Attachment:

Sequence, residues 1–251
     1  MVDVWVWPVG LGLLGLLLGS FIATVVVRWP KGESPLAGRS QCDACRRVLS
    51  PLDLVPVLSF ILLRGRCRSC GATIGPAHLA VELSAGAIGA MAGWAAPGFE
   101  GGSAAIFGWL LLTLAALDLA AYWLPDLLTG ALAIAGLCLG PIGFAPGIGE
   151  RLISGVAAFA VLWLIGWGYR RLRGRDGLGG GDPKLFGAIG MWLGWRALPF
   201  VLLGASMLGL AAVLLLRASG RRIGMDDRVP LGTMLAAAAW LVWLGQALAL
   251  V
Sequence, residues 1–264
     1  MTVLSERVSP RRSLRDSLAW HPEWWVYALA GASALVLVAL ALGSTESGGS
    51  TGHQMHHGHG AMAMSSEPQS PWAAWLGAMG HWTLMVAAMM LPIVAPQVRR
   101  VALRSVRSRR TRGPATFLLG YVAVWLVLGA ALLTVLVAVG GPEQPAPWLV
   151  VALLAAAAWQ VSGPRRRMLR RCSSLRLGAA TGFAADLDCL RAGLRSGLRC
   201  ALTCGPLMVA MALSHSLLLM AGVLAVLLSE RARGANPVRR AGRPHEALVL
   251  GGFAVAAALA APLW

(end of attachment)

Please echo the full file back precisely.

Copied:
Sequence, residues 1–251
     1  MVDVWVWPVG LGLLGLLLGS FIATVVVRWP KGESPLAGRS QCDACRRVLS
    51  PLDLVPVLSF ILLRGRCRSC GATIGPAHLA VELSAGAIGA MAGWAAPGFE
   101  GGSAAIFGWL LLTLAALDLA AYWLPDLLTG ALAIAGLCLG PIGFAPGIGE
   151  RLISGVAAFA VLWLIGWGYR RLRGRDGLGG GDPKLFGAIG MWLGWRALPF
   201  VLLGASMLGL AAVLLLRASG RRIGMDDRVP LGTMLAAAAW LVWLGQALAL
   251  V
Sequence, residues 1–264
     1  MTVLSERVSP RRSLRDSLAW HPEWWVYALA GASALVLVAL ALGSTESGGS
    51  TGHQMHHGHG AMAMSSEPQS PWAAWLGAMG HWTLMVAAMM LPIVAPQVRR
   101  VALRSVRSRR TRGPATFLLG YVAVWLVLGA ALLTVLVAVG GPEQPAPWLV
   151  VALLAAAAWQ VSGPRRRMLR RCSSLRLGAA TGFAADLDCL RAGLRSGLRC
   201  ALTCGPLMVA MALSHSLLLM AGVLAVLLSE RARGANPVRR AGRPHEALVL
   251  GGFAVAAALA APLW